- At a historic conference in Oslo today, more than 100 countries are signing a convention that will ban cluster bombs that are known to cause great damage on civilians. More than 30 African countries are among them.
Every country in East Africa, all Western African countries except The Gambia and the large majority of Southern African and the Indian Ocean countries are signing the convention. Only in North Africa and the Horn of Africa, governments will not ban the devastating weapon. Morocco has however indicated a possibility of signing the convention later.
Among the good news is that several African countries having cluster munitions stockpiles will now be obliged to destroy these. This includes Nigeria, South Africa, Uganda and Guinea.
There is some confusion on whether Sudan also will sign the convention and thus destroy its large cluster bomb stocks. Sudan is one of the few African countries where cluster bombs have been used, with devastating results for the civilian population, and one of the few countries in active conflict where the munitions may be banned.
According to information gathered by the Cluster Munitions Coalition (CMC), a global alliance of more than 200 non-governmental organisations fighting for the ban, there is a large number of African countries that have been affected by cluster bombs.
The first use of cluster bombs in Africa was during the 1975-88 peak of the armed conflict in Western Sahara, when occupying Moroccan troops made large use of cluster bombs to fight the liberation movement Polisario, but also used the ammunition against civilian Saharawi populations. Also landmines were widely used in that conflict.
The second time cluster munitions was used in Africa was in Chad, during the Libyan invasion and annexation of Chad's northern Aouzou Strip. In the final phase of this war, the so-called Toyota War, French bombers aided Chadian troops to route out the Libyans using cluster bombs. Also the Libyan army made use of these arms during the 1986-87 war operations.
In the 1990s, the feared cluster ammunition for the first time was used in more densely populated tracts of Africa. From 1996 to 1999, the government of Sudan dropped large quantities of cluster bombs over the southern part of the country, some of the ammunition targeting the southern rebels, but other also directly targeting civilians. Many unexploded bomblets are still not cleared.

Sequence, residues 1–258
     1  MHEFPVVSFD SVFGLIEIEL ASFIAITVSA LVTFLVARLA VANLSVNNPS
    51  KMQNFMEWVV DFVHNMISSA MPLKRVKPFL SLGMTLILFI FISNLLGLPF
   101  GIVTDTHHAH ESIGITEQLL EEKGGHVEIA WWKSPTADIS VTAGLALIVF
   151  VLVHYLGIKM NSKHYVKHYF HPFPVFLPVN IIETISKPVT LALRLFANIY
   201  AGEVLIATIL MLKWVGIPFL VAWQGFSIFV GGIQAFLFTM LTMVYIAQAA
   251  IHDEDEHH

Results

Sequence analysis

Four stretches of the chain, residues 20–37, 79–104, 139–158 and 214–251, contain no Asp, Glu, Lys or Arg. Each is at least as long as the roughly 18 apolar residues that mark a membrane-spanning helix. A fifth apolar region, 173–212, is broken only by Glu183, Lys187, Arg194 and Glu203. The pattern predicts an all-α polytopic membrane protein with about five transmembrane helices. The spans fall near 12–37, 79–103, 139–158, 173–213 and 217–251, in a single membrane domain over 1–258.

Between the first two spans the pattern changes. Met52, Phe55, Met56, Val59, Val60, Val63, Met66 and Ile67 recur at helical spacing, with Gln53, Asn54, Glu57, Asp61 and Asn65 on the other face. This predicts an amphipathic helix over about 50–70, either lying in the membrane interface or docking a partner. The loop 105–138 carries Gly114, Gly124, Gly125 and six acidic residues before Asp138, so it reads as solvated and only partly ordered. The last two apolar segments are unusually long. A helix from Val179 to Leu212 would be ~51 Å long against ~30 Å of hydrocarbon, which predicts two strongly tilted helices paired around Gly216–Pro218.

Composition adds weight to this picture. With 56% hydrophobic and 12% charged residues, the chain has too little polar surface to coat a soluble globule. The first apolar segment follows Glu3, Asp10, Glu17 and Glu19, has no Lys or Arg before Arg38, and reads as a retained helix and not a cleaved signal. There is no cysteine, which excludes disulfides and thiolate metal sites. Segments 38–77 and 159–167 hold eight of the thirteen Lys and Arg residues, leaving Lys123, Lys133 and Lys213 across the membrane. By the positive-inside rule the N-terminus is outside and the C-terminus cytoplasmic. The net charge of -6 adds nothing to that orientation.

The next documented use of cluster bombs in Africa was in 1997 in Sierra Leone. Nigerian ECOMOG peacekeepers used Beluga bombs on the eastern town of Kenema to oust the brutal RUF rebels. Unexploded cluster bomblets from that attack are still found in Kenema, maiming civilians.
The last use of cluster bombs in Africa was during the Ethiopian-Eritrean border conflict, starting in 1998. Among the most profiled attacks where cluster munitions was used was Ethiopia's massive attack on the Asmara Airport and Eritrea's devastating attack on Mekele Airport.
While cluster bombs have not been used for ten years in Africa, they are still stockpiled in 14 African countries. This includes most of North Africa, with Morocco, Algeria, Libya and Egypt having major stocks of this ammunition.
In sub-Saharan Africa, mostly countries experiencing armed conflict or having a recent conflict history are in possession of cluster ammunition. This includes Sudan, Ethiopia, Eritrea, Uganda and Angola. Somewhat more surprisingly, also South Africa, Zimbabwe, Nigeria, Guinea and even Guinea-Bissau have cluster bomb stocks.
Economic consequences of the cluster bomb ban are only to be noted in two African countries. Only Egypt and South Africa have been involved in the production of the now banned ammunition. While South Africa is now not longer a producer and pledges to destroy its cluster bomb stocks, Egypt is not a signatory and may continue producing the now banned munitions.
The countries reported to sign up to the convention are Benin, Botswana, Burkina Faso, Burundi, Cameroon, Chad, Comoros, Congo, Côte d'Ivoire, Democratic Republic of Congo, Ghana, Guinea, Guinea-Bissau, Kenya, Lesotho, Liberia, Madagascar, Malawi, Mali, Mauritania, Mozambique, Niger, Nigeria, Sao Tome and Principe, Senegal, Seychelles, Sierra Leone, South Africa, Swaziland, Tanzania, Togo, Uganda and Zambia. Sudan's and Morocco's possible signature are still unconfirmed.
afrol News - It is called "financial inclusion", and it is a key government policy in Rwanda. The goal is that, by 2020, 90 percent of the population is to have and actively use bank accounts. And in only four years, financial inclusion has doubled in Rwanda.
afrol News - The UN's humanitarian agencies now warn about a devastating famine in Sudan and especially in South Sudan, where the situation is said to be "imploding". Relief officials are appealing to donors to urgently fund life-saving activities in the two countries.
afrol News - Fear is spreading all over West Africa after the health ministry in Guinea confirmed the first Ebola outbreak in this part of Africa. According to official numbers, at least 86 are infected and 59 are dead as a result of this very contagious disease.
afrol News - It is already a crime being homosexual in Ethiopia, but parliament is now making sure the anti-gay laws will be applied in practical life. No pardoning of gays will be allowed in future, but activist fear this only is a signal of further repression being prepared.
afrol News / Africa Renewal - Ethiopia's ambitious plan to build a US$ 4.2 billion dam in the Benishangul-Gumuz region, 40 km from its border with Sudan, is expected to provide 6,000 megawatts of electricity, enough for its population plus some excess it can sell to neighbouring countries.